This is how it is when you’re surrounded with male crazy 24-7. You have no choice except to beat them at their own game.


And so, I’ll chop off this crawler’s head before it can bite off mine.


It’s standing in the shadows, not facing me—it’s not quite awake yet, but it will be any second. Its shoulders rise and fall, sending out rattling noises from its lungs. The sheet that tied it up is lying in a soiled puddle at its feet.


One of the boys calls from his safe perch on the balcony railing above me, "Look at the H.B, all shivery and scared." It’s Fin, skinny as a zipper and dumb as dirt. He wipes snot from his nose and leaves a black swath of filth behind. "Poor little half-blood, wants a hug from her dead Court-whore mommy. Maybe we should buy her a dress and Link can give her another kiss."


Link jerks his head around. "Maybe you should shut your gob, Fin. Before I crack that skull."


Fin flips him the finger and makes a face. "You just wantin’ another taste of the H.B, Linky boy?"


Link rolls his eyes like he’s indifferent, but his nostrils flair and his hand forms a fist at his side. He can’t lay a pound on Fin or it’ll just prove the words, and Link may have kissed me but he certainly wouldn’t want any of the boys to know how much he liked it.


"Just usin’ and abusin’," Link mumbles. Course, he leaves out the whole part about him sneaking into my bed the next night and me pointing a blade at his crotch, threatening to yank his male part out his nose if he ever touched me again.


Kissing Link was a mistake. Obviously. But I was so tired, so lonely. You know, that skin-aching lonely when it hurts to breathe and you’d accept a hug from a cactus if you could get one.


I guess my cactus was Link.


The other boys snicker at Link’s remark. Tank, Weston, and Roads, all dangle their feet over the railing and give goofy grins to the older two, Link and Fin—my audience for this insane plot to get my face chewed off. But, what the hell, I already have scars ruining my left cheek. Maybe I can get one on the right and balance myself out. And there, on the other side of the room, hunkers the beast to do it.


Between us, scattered across the floor, are abandoned talismans; pieces of figurines, a head, an arm, left behind like the remnants of a holy massacre, a tarnished cup in the remains of a crushed alter, and the shell of what used to be a book, the innards long gone, eaten away with time.


Behind the crawler a wall carries the faded image of haloed men with their hands raised to the sky, cracks running through their pious forms. Obviously these things didn’t protect this place. They’re certainly not warding off this soulless creature.


There’s the distinct tinge of rot in the air and I can see some of its flesh is torn away, revealing muscle. What used to be human more than a hundred years ago is now a mess of blackened blood and bone and hanging skin.



Link picks up a rock and chucks it at the crawler’s head. It doesn’t flinch when the stone bounces off its hairless skull and clanks at the wall.


"Wake it up," Fin says to me with a scowl, daring me to back out from the challenge. I should’ve just told him to go to hell about the game. Not many boys have played solo and made it through—playing alone isn’t recommended. But here I am. They caught me off guard, pulling me into this hollowed-out holy place, saying fight or end up a craven rugger.


Not really a choice.


I smirk at him and pull off my sweater. It may be thirty degrees but I don’t want anything extra for the crawler to grab hold of. I ignore the tightening of the skin on my arms and move to take the dagger from my belt, but then decide on my folding blade instead. I pull it out of my pocket and open it.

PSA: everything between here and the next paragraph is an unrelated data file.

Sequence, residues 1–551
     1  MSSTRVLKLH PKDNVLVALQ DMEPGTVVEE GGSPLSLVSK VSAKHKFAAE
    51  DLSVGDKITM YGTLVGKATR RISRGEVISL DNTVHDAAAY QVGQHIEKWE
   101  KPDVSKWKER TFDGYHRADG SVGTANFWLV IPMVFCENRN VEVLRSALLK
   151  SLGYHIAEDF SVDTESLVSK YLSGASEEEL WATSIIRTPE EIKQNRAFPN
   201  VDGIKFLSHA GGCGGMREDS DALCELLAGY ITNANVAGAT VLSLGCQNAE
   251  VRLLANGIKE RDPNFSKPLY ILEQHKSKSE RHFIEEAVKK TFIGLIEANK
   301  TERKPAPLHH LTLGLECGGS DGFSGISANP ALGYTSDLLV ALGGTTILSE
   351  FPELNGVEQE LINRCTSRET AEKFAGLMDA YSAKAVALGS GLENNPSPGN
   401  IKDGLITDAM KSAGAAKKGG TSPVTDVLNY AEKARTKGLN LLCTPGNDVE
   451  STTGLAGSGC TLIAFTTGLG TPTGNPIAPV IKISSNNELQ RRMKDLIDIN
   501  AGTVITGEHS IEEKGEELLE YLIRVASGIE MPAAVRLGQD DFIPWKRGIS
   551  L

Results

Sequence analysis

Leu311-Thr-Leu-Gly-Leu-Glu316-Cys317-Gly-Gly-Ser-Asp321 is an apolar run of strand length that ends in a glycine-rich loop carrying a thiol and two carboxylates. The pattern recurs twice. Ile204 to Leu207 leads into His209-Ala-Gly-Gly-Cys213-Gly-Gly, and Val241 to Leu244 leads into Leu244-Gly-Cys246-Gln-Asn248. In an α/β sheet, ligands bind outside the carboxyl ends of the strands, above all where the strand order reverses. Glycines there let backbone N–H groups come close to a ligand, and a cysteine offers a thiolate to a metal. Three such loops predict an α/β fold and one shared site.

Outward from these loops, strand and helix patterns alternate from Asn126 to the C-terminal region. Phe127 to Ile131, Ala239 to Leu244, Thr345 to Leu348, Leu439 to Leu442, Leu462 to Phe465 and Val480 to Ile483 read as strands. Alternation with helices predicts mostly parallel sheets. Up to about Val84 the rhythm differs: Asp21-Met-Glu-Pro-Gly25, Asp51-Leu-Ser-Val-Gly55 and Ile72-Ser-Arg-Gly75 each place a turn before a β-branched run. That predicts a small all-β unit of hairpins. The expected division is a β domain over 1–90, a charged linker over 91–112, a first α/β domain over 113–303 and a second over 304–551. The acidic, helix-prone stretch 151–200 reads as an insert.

Just a little drop and we’ll be wakey-wakey.


I go to a better vantage point behind a pillar, then slice the tip of the blade into the inside of my wrist and make sure enough blood pearls to the surface.


The crawler’s breath speeds up. I shove the knife back in my pocket, and grip the hilt of my dagger, making myself relax—you can’t fight all tight and terrified. Well, you can but you won’t win.


Blood runs down the palm of my hand in a rivulet to the tip of my middle finger and drips onto the floor.


The crawler stirs, becoming more than rattling breath and stink. It turns, sniffing, eyes opening, white orbs reflecting the small blades of sunlight in the room.


"Dinner bell," yells Fin. "You’re so screwed, Ray." He laughs. The sound bounces off the cracked plaster walls and is echoed by the other miscreants. Of all the boys, he hates me the most for my questionable parentage. He's probably already plotting how he can get me in trouble for all this by lying and saying it was my idea--whether I win or end up dead.





































 


 

It darts to the right, in its crawl, knuckles to the ground, bone knees pointing at the ceiling.


So I move closer, one step at a time, then slip the dagger from my belt when I’m about ten feet away. It only takes a second for the beast to react.


It lunges, hissing, teeth bared.


I twist out of the way and slice as it flies at me, catching its muscle. It doesn’t matter. I could carve it to bone and it would keep coming at me.


It lands beside me and turns in a flash. Bone-tipped fingers and sharp nails tear at my arm.


The boys hoot at the drawing of blood and the crawler only gets more ravenous at the smell of it on its hand. It licks and pants and bites one of its own fingers off, retrieving the warm life.


I use the opportunity to lunge, feeling crazy, knowing I might get a claw through my gut if the thing isn’t caught off guard. I try to imagine the next move. The next slice.


I get lucky and my dagger finds a home. Not the right home. It rams into the shoulder blade as the crawler moves to the side.


The beast surges up and knocks me off, the dagger still sticking from its back.


I hit the pillar, then the ground with a thud, and it’s after me. I roll before it can pin me, but it crouches down and catches my ankle. I kick hard with the other foot, while the head is low, steel-toed boot cracking into its jaw.


The head flies to the side but snaps back in a split second, jawbone hanging limp, black blood oozing from its mouth, and its grip is still like iron on my leg. I scream and kick again before it can hoist me up, denting the temple.